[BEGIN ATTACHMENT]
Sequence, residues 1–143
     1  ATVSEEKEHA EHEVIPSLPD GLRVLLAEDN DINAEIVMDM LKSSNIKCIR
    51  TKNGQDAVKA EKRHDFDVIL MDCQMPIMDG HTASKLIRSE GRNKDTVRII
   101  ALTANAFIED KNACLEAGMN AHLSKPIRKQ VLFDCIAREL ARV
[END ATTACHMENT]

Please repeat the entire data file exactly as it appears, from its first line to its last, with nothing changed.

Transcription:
Sequence, residues 1–143
     1  ATVSEEKEHA EHEVIPSLPD GLRVLLAEDN DINAEIVMDM LKSSNIKCIR
    51  TKNGQDAVKA EKRHDFDVIL MDCQMPIMDG HTASKLIRSE GRNKDTVRII
   101  ALTANAFIED KNACLEAGMN AHLSKPIRKQ VLFDCIAREL ARV